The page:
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CAIRO (Reuters) - A pan-Arab satellite channel on Wednesday broadcast footage of three Algerian diplomats held hostage by suspected Islamist militants in Mali in which they appealed to President Abdelaziz Bouteflika to secure their release.
The men were among seven diplomats seized in April while working at the Algerian consulate in Gao in northern Mali.
The Dubai-based Al-Arabiya television said the footage, showing three men looking in good health and sporting beards, had been broadcast by a Mauritanian news channel.
"We appeal to the president of the republic, Mr AbdelAziz Bouteflika, to find a solution to our situation and heed the demands of the group so we can return to our families," one of the men was shown as saying.
An Algerian Foreign Ministry spokesman declined to comment on the footage, but said the government was "mobilised to release the hostages".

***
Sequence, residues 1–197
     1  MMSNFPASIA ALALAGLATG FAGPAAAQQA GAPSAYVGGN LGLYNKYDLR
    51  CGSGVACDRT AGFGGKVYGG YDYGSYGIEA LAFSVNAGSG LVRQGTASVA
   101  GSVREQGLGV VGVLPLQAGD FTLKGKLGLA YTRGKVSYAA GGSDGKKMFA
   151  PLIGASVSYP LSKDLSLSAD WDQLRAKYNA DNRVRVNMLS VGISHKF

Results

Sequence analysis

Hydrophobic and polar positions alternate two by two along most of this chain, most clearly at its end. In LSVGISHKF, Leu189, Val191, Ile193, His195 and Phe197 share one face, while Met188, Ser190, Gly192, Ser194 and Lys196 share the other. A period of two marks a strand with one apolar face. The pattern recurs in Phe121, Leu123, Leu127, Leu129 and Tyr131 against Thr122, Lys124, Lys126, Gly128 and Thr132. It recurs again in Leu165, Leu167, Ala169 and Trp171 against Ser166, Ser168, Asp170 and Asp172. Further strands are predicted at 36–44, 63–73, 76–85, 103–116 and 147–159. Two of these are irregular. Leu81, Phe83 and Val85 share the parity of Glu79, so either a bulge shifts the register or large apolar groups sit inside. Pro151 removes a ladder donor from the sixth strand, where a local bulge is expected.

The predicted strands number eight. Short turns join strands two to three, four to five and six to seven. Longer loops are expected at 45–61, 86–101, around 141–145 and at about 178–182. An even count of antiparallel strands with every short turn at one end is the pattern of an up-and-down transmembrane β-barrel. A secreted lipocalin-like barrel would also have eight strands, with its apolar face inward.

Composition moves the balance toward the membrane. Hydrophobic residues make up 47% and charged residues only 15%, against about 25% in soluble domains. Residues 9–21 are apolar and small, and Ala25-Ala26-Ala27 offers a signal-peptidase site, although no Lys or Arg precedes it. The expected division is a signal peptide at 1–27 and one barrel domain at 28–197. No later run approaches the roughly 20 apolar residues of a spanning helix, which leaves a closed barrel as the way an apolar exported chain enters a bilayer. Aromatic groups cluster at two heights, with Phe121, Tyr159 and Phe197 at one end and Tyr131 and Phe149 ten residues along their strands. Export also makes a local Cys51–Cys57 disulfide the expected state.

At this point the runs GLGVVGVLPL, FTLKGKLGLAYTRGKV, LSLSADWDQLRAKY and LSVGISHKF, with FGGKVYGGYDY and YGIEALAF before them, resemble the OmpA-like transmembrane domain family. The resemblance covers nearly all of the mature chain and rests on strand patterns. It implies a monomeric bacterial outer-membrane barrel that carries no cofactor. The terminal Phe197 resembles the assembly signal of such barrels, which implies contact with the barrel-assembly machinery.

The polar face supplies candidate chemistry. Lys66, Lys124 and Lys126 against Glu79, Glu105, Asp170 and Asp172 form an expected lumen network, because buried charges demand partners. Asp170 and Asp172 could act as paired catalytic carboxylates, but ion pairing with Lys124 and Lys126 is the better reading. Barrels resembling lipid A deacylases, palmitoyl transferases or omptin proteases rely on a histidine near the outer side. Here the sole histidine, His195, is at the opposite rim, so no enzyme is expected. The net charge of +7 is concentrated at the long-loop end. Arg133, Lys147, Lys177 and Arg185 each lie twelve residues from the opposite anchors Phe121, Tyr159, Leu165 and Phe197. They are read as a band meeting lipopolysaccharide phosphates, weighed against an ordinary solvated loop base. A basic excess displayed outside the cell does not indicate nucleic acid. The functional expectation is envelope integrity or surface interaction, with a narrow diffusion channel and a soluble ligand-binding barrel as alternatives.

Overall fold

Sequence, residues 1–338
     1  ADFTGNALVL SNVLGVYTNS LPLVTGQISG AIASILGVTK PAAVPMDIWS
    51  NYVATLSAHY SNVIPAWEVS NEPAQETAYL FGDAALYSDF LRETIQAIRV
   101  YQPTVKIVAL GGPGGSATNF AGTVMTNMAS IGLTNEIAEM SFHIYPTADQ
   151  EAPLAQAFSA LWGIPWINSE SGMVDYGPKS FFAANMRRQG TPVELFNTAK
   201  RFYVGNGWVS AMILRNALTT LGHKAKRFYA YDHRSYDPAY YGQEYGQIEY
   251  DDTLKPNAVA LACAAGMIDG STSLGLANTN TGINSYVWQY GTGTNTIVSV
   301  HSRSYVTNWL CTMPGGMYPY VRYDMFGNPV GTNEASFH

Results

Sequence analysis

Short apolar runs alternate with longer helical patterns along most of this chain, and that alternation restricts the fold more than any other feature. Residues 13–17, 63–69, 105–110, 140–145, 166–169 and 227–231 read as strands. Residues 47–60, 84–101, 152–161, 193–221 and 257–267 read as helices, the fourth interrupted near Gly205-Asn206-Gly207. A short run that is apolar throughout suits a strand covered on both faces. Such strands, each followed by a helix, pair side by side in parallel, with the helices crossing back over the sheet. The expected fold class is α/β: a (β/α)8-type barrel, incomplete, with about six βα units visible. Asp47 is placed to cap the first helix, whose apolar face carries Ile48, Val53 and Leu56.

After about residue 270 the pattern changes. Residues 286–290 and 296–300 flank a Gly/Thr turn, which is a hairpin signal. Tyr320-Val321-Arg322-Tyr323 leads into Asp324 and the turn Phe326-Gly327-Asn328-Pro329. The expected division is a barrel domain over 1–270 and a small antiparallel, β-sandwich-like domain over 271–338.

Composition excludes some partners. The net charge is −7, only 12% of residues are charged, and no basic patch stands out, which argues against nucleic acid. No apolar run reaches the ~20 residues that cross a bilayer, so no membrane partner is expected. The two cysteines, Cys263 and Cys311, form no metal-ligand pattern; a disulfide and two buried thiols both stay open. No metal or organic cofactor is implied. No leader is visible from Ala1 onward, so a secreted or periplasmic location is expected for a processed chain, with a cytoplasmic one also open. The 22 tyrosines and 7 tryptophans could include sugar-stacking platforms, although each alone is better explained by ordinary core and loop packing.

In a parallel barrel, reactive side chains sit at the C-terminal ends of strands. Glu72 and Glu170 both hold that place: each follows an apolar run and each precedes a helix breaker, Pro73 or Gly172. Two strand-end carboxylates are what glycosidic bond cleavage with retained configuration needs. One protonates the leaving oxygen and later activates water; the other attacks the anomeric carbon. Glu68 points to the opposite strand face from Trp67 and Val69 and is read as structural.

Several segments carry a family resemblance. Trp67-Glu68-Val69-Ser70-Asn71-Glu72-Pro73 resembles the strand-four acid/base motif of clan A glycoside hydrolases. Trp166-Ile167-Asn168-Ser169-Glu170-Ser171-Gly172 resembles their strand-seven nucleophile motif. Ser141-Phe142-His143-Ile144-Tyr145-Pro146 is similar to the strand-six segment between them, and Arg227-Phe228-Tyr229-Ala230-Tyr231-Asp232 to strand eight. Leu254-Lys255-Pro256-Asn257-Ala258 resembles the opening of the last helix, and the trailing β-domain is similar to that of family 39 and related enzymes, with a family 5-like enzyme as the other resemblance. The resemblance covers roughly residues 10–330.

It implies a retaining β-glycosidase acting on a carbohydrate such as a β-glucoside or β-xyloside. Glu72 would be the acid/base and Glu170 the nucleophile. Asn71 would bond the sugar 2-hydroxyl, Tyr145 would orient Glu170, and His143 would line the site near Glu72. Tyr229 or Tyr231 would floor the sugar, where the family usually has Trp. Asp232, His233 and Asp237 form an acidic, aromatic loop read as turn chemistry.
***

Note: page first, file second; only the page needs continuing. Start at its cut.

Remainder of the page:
Algeria said in April the diplomats were kidnapped from Gao, part of a swathe of territory in northern Mali then under the control of Tuareg-led separatists who had pushed out the military in a rebellion launched in January.
Local and foreign Islamist fighters have now taken control of northern Mali, imposing strict Islamic law and destroying ancient Sufi tombs in Timbuktu, classified by UNESCO as a world heritage site.
Algerian officials said in April the diplomats had been freed, but a Malian security source in Bamako and an Islamist fighter in Gao said at least three hostages had been freed but could not say whether the other four were also going home.
Al-Arabiya said a fourth diplomat was reported to have been killed by his abductors in September. Algeria did not confirm the report.
Western and African governments are struggling to muster a response to the crisis in Mali as politicians in the capital Bamako continue to squabble over how the country should be governed after a coup removed the president in March.
Algeria shares a border with Mali. Its diplomats may have been targeted because the Algerian government has been waging a long campaign against Islamist militants, including al Qaeda's north African wing, on its own territory.
Analysts say Algeria is concerned about the turmoil in Mali but is reluctant to intervene in what could become a lengthy and messy cross-border conflict.
(Reporting by Ahmed Tolba in Cairo and Lamine Chikhi in Algiers, writing by Sami Aboudi; Editing by Janet Lawrence)
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